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Indian Solar Handbook: Indian solar market in full bloom but financing poses a key challenge


10 May 2016 by BRIDGE TO INDIA

India is all set to become the fourth largest solar market globally in 2016behind only China, USA and Japan with 5.4 GW of expected capacity addition in the year. The tailwinds are exceptionally strong with rapidly falling costs and greater environm


India Handbook


35 new tenders with a cumulative capacity of 15.5 GW have been announced in the last year.

The Indian solar market appears in full bloom right now with key policy changes being introduced and 25 GW of projects under different stages of development. 35 new tenders with a cumulative capacity of 15.5 GW have been announced in the last year. An additional 5 GW of new tenders are awaiting release in the coming months. There is burgeoning investment interest both from Indian and international developers in the sector. This frenetic pace of activity is a big step-up in contrast to historic solar capacity addition of approximately 1 GW per annum for three straight years until 2014. But does the sector have sufficient financial capacity to deliver all these projects?

The most buzzing topic for the sector right now is the intense competition with tariffs coming down sharply to M4.34-5.00/ unit ($0.07-0.08) levels. But with many developers struggling to raise capital and banks seemingly reluctant to lend to projects at such tariffs, progress in 2017 and 2018 is not likely to be as fast as expected. In contrast to Ministry of New and Renewable Energy (MNRE) target of 12 GW of utility scale solar projects for FY 2016-17, BRIDGE TO INDIA estimates that actual capacity addition will be only about 5-6 GW in FY 2016-17.

Other key theme in our view is the likely growth trajectory for the sector over the 3-5 year horizon. The central government has taken early lead through National Thermal Power Corporation (NTPC) and Solar Energy Corporation of India (SECI) in releasing project tenders of more than 9 GW as of April, 2016. The southern states have also shown huge interest in solar power to overcome their growing power deficit. But with power demand showing slow growth and grid stability issues growing more important over time particularly in areas of high renewable penetration, we expect a slowdown in the sector after 2017 and 2018.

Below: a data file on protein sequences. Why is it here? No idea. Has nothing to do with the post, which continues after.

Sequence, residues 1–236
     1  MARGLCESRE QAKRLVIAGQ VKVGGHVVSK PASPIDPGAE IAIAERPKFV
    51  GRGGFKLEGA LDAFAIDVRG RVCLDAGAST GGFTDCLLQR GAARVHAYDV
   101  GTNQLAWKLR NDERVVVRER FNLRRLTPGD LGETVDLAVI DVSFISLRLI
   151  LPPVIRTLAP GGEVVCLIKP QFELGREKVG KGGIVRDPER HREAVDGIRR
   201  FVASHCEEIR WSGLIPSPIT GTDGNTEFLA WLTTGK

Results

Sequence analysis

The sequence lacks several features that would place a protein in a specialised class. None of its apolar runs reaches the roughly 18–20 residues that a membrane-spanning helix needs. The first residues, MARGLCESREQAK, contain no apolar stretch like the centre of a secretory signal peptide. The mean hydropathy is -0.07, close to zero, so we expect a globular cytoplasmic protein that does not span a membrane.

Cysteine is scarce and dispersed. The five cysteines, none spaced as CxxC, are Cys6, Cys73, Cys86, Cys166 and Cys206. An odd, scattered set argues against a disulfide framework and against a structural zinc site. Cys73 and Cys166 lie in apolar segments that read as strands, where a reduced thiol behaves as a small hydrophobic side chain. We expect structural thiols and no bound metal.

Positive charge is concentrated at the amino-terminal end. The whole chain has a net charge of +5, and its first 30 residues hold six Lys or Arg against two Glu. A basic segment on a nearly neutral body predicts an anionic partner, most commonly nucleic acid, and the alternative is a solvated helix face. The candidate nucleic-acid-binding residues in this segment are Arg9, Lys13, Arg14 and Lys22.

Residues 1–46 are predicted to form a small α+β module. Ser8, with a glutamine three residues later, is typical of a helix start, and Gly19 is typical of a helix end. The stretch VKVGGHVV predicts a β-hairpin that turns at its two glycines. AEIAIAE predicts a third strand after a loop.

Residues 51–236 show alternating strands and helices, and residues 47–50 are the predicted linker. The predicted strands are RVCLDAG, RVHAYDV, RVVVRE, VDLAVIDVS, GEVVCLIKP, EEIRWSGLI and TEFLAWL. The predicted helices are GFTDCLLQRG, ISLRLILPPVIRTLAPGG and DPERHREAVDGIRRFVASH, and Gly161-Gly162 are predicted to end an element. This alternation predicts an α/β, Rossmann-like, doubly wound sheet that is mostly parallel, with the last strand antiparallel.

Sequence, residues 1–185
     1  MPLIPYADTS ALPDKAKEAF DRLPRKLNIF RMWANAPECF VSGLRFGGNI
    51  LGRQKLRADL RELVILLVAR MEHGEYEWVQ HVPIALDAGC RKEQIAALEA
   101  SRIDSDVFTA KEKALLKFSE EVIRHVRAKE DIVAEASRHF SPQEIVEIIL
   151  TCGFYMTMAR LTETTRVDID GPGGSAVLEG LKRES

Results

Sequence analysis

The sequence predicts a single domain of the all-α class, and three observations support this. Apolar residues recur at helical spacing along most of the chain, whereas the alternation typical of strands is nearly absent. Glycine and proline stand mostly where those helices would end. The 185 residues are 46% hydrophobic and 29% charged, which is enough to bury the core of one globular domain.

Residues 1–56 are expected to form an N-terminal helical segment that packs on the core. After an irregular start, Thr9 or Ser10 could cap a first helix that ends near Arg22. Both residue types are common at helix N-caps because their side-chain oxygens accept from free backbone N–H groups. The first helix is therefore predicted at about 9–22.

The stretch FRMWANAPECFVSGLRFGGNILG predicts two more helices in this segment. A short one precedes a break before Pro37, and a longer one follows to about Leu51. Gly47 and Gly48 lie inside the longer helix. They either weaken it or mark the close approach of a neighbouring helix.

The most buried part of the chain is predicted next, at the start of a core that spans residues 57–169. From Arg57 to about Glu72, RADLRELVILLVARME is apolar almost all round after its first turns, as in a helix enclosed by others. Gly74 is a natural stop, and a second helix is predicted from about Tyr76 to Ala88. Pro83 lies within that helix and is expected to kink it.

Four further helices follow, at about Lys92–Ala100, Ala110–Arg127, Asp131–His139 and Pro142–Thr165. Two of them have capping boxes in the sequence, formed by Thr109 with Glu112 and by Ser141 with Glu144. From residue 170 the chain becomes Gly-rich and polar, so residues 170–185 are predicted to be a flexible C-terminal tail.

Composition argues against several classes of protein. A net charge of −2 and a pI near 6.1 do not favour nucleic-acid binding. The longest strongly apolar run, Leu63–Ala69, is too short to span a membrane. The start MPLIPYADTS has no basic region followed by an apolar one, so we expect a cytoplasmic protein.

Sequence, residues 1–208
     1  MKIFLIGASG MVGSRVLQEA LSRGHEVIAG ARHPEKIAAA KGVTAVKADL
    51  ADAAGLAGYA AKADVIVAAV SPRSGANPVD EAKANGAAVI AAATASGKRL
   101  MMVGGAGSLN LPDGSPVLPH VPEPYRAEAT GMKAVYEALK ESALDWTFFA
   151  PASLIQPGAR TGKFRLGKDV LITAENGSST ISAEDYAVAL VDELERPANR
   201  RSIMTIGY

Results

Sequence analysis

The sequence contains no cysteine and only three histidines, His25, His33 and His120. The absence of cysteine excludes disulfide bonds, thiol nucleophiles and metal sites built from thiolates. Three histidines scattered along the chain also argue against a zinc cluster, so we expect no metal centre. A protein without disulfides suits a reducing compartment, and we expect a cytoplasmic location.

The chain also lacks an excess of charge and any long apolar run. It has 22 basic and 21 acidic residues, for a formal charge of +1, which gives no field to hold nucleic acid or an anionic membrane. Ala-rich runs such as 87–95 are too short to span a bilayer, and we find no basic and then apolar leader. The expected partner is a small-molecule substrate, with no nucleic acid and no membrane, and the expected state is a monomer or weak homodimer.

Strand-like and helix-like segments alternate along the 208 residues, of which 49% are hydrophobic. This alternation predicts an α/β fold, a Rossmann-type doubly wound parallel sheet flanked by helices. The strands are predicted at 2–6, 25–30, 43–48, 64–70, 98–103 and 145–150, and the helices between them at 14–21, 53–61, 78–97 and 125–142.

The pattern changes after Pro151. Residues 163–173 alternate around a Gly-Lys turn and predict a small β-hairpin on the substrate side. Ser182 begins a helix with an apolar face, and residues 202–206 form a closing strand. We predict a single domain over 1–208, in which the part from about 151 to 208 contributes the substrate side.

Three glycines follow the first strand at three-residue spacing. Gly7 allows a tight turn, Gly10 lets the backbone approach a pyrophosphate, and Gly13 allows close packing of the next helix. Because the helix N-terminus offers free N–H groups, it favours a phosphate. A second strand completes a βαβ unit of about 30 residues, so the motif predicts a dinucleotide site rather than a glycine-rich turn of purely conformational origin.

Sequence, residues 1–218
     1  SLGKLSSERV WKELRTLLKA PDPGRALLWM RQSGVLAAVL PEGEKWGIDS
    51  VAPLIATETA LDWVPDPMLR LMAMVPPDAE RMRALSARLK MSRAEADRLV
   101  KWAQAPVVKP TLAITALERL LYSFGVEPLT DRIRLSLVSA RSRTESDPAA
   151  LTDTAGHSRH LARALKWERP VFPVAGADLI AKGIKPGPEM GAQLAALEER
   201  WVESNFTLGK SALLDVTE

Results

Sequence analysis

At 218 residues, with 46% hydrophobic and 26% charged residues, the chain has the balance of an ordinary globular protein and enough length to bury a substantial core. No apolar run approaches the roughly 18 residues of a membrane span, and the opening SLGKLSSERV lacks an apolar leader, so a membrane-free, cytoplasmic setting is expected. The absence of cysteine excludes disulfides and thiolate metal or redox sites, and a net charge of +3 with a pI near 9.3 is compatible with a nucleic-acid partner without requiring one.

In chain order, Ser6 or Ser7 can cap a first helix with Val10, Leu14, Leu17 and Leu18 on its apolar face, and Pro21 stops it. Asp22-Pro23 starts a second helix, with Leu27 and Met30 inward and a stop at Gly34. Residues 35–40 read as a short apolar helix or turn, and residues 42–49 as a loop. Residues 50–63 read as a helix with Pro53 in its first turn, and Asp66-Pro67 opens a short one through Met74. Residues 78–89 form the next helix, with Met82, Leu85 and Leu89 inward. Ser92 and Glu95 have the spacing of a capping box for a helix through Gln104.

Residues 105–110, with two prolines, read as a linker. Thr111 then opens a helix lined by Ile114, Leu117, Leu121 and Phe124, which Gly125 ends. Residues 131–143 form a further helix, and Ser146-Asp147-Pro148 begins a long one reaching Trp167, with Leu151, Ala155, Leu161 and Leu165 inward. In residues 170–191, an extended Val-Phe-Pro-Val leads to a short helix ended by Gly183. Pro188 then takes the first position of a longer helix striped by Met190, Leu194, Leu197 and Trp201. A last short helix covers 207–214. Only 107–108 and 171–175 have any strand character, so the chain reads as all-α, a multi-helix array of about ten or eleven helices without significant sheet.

On the policy front, the Solar Parks Policy and UDAY scheme have been hailed largely as a successes but the broader sector policy reform through amendments in the Electricity Act 2003 is still awaiting parliamentary approval. Going forward, ensuring grid robustness and investment/lending appetite at aggressive tariff levels will be the two main challenges. Policy interventions to address these challenges together with demand growth measures will be key to sustainable growth of the sector.

One major disappointment continues to be the rooftop solar market where the 40 GW target for 2022 seems like a very remote prospect. This market needs more focused policy support to ensure effective net-metering implementation and attraction of financial investors. Overall, the growth  rospects for the India solar market are very bright providing an immense opportunity for investors, developers and equipment suppliers. But a dose of caution is needed as the market will remain very price sensitive and with its share of challenges.


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